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Schools Monday: Watch Your Language

Whether it's a Fairfax high school student whose tangle with the wife of a top administrator ends up as a nationwide debate over phone and web etiquette or a D.C. weekly newspaper that publishes the email traffic between a Washington Post reporter and the mayor's press aide, it's clear that we live in a time when no one quite knows which conversations may go public.

Now, a Fairfax parent's decision to file a Freedom of Information Act request to obtain a school board member's email that calls another parent "vile and toxic" is once again reminding us of the essential difference between email and the telephone: What you type can go anywhere, anytime.

School board vice chairman Kathy Smith wrote a one-line email in January to a parent who had been involved in the county school system's recent controversy over shifting school boundaries--an always-volatile topic. "Sorry that you had to put up with this," Smith wrote to parent Jennifer Campbell. "She is so vile and toxic."

The maligned party was another parent, Pam Jones, who had written to Campbell, the president of Westfield High's PTA, after Campbell was quoted in the local Connection newspaper saying that the school is overcrowded--lending support to the idea that the school's population could stand to be decreased.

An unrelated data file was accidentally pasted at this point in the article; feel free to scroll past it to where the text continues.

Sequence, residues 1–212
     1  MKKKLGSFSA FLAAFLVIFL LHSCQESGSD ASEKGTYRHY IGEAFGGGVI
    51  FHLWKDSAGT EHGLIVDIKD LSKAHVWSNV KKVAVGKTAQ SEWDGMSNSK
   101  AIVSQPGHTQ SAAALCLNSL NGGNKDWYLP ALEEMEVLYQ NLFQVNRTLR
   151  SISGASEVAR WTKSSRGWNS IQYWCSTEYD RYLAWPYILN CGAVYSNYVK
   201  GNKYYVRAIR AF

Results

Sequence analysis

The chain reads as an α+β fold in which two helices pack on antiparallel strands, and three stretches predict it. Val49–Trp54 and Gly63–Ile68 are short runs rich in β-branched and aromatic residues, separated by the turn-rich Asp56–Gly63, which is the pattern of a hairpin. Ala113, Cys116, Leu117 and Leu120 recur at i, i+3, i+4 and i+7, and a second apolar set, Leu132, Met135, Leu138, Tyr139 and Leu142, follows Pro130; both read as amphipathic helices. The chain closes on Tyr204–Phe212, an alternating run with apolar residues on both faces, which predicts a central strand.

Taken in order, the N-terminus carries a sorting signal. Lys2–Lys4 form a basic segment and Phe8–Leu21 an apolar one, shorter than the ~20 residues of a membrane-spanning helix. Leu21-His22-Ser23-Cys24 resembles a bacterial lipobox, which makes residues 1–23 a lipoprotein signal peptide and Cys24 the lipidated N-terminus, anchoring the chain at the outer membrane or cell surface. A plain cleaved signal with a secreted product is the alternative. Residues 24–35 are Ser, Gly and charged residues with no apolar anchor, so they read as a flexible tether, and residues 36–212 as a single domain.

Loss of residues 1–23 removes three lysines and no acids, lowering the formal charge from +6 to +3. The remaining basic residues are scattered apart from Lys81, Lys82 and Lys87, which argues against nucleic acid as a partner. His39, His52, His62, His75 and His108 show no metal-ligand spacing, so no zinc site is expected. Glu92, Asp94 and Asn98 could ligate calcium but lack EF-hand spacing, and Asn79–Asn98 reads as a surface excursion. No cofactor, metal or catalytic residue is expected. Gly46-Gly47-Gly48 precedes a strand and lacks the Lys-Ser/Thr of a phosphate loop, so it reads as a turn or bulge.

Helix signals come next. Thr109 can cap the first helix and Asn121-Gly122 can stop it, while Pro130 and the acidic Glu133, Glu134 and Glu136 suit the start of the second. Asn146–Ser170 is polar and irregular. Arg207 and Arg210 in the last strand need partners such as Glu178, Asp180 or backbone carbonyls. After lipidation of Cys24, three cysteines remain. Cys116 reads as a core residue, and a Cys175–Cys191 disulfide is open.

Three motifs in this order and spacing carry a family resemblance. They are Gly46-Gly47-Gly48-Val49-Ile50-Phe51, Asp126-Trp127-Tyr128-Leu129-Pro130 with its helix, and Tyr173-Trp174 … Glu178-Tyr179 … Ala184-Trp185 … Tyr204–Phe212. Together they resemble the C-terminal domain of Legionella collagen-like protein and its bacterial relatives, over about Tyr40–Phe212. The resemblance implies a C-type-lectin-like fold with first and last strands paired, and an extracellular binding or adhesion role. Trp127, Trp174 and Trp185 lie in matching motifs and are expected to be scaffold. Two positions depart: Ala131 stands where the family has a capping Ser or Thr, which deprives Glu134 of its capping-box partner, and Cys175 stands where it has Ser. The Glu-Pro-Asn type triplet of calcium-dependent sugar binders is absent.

In the boundaries debate, parents whose kids attend the same school were often propelled into sharply different positions, based mainly on where they live. Jones wrote an email to Campbell taking her to task for speaking out in the press about crowded conditions at Westfield. "I guess you're one of the lucky ones that don't have to go through all this," Jones wrote. "Our neighborhood is being subjected to our 3rd high school in 7 years and our 8th redistricting change in 9 years." She went on to say that "If you choose to represent yourself as the Westfield PTA president, then you should present views of the entire Westfield PTA. Better yet, you would serve us best by not speaking at all."